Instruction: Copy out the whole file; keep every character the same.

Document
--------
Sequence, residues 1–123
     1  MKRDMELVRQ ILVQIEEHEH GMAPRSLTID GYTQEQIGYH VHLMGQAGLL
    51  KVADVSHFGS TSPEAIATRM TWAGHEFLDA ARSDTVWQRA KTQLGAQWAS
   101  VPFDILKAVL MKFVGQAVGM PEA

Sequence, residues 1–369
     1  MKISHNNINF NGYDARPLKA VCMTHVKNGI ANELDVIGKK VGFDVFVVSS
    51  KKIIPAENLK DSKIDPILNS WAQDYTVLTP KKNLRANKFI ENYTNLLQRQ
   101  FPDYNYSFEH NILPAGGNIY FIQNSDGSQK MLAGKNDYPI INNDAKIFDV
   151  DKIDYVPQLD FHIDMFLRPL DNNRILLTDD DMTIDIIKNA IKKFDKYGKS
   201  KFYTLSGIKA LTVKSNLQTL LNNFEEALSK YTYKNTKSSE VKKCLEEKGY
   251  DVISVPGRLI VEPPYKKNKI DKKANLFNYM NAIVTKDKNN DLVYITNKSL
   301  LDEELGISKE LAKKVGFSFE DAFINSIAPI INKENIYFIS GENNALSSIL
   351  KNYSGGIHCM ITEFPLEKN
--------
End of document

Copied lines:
Sequence, residues 1–123
     1  MKRDMELVRQ ILVQIEEHEH GMAPRSLTID GYTQEQIGYH VHLMGQAGLL
    51  KVADVSHFGS TSPEAIATRM TWAGHEFLDA ARSDTVWQRA KTQLGAQWAS
   101  VPFDILKAVL MKFVGQAVGM PEA

Sequence, residues 1–369
     1  MKISHNNINF NGYDARPLKA VCMTHVKNGI ANELDVIGKK VGFDVFVVSS
    51  KKIIPAENLK DSKIDPILNS WAQDYTVLTP KKNLRANKFI ENYTNLLQRQ
   101  FPDYNYSFEH NILPAGGNIY FIQNSDGSQK MLAGKNDYPI INNDAKIFDV
   151  DKIDYVPQLD FHIDMFLRPL DNNRILLTDD DMTIDIIKNA IKKFDKYGKS
   201  KFYTLSGIKA LTVKSNLQTL LNNFEEALSK YTYKNTKSSE VKKCLEEKGY
   251  DVISVPGRLI VEPPYKKNKI DKKANLFNYM NAIVTKDKNN DLVYITNKSL
   301  LDEELGISKE LAKKVGFSFE DAFINSIAPI INKENIYFIS GENNALSSIL
   351  KNYSGGIHCM ITEFPLEKN